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Dollar touches lowest level in over two years

Nuveen Head of Fixed Income Strategy Tony Rodriguez joins Yahoo Finance’s Akiko Fujita to discuss the outlook on the U.S. dollar and why treasury yields are slipping.

Video Transcript

AKIKO FUJITA: Low yields and mixed economic data in the US, pushing the US dollar to a two year low, even as we've seen the major indices hit record highs. The dollar index is down more than 4% year-to-date. Let's bring in Tony Rodriguez, he is Nuveen Head of Fixed Income Strategy. Tony, let's start with where we've seen the greenback. Certainly, weakness coming through over the last several months. Is this really all about the Fed and liquidity?

TONY RODRIGUEZ: I think it is about the Fed liquidity, and that is driving the low rate environment, which is clearly making investors no longer look at the treasury market as that attractive. We certainly saw a very quick bounce back on the dollar right around the crisis period with a standard flight to quality to treasuries and the dollar. But once we saw the massive amount of stimulus coming in from the Fed and from fiscal authorities, that made people believe that maybe we'd see what's proving so far to be a very short, very deep, but very short recessionary period. That then is now transitioned to where the unattractiveness of rates, the massive amount of stimulus that the Fed is providing makes the dollar unattractive relative to other currencies.

AKIKO FUJITA: I mean, having said that, we're still expecting additional stimulus once Congress gets their package in order there. I mean, how much more downside can we expect for the dollar given the additional stimulus that's likely to come from Washington as well as the Fed?

TONY RODRIGUEZ: Sure, we think that it's a modest amount, and we do think that the majority of the move is now behind us, but we do think we will continue in the same direction. Certainly, if we get the, you know, what we expect to be the stimulus package. Clearly, it hasn't gone as smoothly as has anyone has hoped, particularly those who are no longer receiving the supplemental unemployment benefits. But we do expect that they'll reach some sort of compromise. Now it looks like it might be pushed out into September, but nonetheless, that should then kind of put the dollar back on the course that it's been, which is just a moderate amount of weakening from here.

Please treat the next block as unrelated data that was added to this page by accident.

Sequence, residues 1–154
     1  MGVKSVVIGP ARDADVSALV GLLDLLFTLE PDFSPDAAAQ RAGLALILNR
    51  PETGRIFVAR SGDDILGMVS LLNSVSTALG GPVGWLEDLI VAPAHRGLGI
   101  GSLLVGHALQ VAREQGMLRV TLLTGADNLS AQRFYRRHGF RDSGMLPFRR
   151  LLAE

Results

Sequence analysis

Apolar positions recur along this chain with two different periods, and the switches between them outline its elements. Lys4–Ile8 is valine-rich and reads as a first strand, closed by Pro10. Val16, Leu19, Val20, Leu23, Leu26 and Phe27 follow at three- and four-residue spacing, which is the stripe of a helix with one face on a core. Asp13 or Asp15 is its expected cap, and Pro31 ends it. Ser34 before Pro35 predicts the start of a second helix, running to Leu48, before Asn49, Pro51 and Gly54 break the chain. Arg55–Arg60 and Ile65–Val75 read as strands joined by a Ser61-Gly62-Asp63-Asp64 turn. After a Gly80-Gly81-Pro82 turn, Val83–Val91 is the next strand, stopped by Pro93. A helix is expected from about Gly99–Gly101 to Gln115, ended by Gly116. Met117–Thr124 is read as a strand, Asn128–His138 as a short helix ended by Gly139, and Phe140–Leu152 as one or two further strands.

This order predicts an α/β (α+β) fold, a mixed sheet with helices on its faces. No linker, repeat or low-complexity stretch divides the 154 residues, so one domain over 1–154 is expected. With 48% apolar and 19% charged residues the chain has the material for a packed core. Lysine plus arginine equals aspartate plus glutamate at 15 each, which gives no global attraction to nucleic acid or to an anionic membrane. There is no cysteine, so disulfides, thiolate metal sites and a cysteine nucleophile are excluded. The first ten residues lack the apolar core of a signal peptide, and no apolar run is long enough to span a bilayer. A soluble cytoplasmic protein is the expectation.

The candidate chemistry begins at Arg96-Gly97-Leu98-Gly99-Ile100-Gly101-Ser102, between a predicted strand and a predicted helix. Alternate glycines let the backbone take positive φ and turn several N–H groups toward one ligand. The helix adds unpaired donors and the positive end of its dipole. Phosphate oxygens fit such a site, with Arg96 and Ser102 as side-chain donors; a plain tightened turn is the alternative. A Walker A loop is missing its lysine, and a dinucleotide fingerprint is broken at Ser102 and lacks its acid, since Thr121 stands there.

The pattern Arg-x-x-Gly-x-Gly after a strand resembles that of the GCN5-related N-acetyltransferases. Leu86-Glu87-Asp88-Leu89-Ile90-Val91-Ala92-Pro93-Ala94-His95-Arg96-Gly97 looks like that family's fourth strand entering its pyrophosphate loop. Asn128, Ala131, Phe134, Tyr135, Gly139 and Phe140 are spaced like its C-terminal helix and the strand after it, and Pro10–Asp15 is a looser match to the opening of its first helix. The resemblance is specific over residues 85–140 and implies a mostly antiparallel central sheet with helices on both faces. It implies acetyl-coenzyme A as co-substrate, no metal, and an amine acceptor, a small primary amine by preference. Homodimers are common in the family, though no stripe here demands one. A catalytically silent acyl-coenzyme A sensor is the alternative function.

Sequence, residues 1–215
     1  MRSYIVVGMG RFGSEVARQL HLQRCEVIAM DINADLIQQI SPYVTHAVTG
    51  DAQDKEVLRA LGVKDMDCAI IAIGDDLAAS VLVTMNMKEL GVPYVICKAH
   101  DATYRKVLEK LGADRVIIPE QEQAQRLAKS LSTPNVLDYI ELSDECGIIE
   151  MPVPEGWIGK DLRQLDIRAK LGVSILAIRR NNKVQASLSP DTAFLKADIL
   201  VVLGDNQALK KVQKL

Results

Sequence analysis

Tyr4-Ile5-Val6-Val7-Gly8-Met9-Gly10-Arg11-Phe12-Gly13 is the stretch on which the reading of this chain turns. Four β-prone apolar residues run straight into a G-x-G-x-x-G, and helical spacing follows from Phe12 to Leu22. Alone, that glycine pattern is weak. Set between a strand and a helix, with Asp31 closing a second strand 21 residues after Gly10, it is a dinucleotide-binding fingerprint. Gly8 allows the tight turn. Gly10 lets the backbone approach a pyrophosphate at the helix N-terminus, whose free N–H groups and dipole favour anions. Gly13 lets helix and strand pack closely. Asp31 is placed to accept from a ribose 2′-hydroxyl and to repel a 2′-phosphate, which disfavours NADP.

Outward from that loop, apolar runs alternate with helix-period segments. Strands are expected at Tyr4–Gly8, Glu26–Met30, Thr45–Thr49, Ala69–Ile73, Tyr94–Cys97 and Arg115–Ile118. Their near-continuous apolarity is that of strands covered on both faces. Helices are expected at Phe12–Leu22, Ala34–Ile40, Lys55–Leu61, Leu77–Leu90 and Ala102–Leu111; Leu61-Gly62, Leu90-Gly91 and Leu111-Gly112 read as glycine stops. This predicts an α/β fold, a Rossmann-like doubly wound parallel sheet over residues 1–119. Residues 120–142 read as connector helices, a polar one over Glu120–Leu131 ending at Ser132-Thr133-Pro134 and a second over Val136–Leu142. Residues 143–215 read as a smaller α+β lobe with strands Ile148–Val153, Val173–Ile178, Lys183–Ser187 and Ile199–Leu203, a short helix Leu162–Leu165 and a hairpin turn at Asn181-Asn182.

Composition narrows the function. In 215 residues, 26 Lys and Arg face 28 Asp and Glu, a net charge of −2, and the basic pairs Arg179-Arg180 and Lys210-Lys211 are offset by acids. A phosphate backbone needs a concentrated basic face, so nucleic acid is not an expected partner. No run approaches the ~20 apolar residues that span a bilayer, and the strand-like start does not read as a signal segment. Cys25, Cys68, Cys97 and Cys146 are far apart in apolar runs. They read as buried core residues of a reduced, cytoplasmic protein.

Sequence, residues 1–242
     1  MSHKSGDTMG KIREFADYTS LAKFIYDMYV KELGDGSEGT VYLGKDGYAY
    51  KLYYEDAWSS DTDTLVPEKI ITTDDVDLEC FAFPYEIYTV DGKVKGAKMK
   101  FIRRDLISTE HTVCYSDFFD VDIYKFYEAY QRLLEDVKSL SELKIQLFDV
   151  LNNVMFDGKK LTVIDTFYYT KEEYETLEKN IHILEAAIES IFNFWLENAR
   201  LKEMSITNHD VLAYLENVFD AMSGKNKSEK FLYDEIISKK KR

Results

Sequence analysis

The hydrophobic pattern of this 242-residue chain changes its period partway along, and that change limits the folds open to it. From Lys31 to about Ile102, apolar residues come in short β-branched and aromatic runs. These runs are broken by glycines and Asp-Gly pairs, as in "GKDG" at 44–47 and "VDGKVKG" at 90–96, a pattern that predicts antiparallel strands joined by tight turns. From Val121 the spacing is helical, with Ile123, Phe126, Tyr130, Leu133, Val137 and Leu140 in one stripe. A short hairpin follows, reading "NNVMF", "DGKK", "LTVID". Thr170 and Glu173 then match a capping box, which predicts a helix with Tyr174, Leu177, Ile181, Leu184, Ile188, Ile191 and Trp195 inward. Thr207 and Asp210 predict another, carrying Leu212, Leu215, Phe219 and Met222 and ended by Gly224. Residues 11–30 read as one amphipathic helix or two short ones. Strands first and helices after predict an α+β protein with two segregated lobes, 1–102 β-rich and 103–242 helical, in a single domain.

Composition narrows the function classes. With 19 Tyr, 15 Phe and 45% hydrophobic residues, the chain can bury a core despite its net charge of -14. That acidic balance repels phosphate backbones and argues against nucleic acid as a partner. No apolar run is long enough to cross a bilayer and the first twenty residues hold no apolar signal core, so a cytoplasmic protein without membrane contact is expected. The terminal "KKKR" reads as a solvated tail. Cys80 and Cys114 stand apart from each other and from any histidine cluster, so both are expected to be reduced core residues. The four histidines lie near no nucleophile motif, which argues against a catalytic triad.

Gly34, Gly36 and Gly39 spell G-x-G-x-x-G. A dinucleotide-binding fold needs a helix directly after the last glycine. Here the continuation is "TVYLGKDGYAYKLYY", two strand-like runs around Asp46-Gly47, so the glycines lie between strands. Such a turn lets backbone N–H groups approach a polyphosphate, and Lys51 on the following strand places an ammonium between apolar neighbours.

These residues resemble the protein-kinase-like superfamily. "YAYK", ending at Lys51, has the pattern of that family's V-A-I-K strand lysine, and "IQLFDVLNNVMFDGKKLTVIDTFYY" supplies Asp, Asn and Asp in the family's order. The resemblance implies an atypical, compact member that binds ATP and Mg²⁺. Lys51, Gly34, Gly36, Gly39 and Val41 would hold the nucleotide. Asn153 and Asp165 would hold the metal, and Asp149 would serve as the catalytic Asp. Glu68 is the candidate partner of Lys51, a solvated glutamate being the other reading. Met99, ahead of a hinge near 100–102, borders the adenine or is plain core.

AKIKO FUJITA: Tony, let's talk about where we expect to see the Fed. I mean, the FOMC minutes coming out tomorrow. You know, when you look back to the July meeting, no new policy action taken at the time, but the central bank's starting to wrap up the strategy review they've been conducting over the last year. How much more clarity are we likely to get in the Fed's guidance or its inflation framework?

TONY RODRIGUEZ: Sure, I think that in the minutes we may see some information about a discussion about the framework but no actually conclusions. Though I do think that we believe Nuveen that at the September meeting, we expect to hear kind of a little bit more of the actual results of that framework review, and we do expect it to move in the direction of more of an average inflation objective rather than a very strict 2% inflation objective, and therefore, potential tightening of monetary conditions the minute you exceeded that 2%. I think now you'll see more of an averaging framework allowing them to live above that if, in fact, we get there, which at Nuveen, we're not expecting that we're going to pierce that 2% level anytime soon.

AKIKO FUJITA: And Tony, I'm looking at some of the key risks that you've highlighted in your notes. Certainly, the potential of another economic shutdown as a result of the virus is one that has kind of been lingering, but we've also got the US-China tensions. These escalations that have continued particularly on the issue of tech and national security, and yet, it seems like if you look at the market reaction, much of it has been a lot more-- there hasn't been as much of a reaction. So long is that trade, the phase one trade deal remains intact. I mean, is that kind of what you think we should be looking to? Is all this other stuff that we've been hearing about, is that noise right now?

TONY RODRIGUEZ: I think at the moment as we head through the election, we can maybe try to look at it as noise. I think right now the rhetoric is very election-centric. Both sides happen to find China's a very easy target to bash, and I think China is kind of stepping back and waving til post-election before they do anything, for example, retaliatory or significant from that perspective. I think once we get post-election, then depending on who ends up in the White House and how the rhetoric may or may not change, that's when I think the concern might actually increase. Because then China would have to kind of reset to what the administration is and the new, you know, from 2021 and beyond, and that's where we think there could be some problematic relations that could affect the market.

AKIKO FUJITA: Tony Rodriguez, Nuveen Head of Fixed Income Strategy, appreciate your time tonight.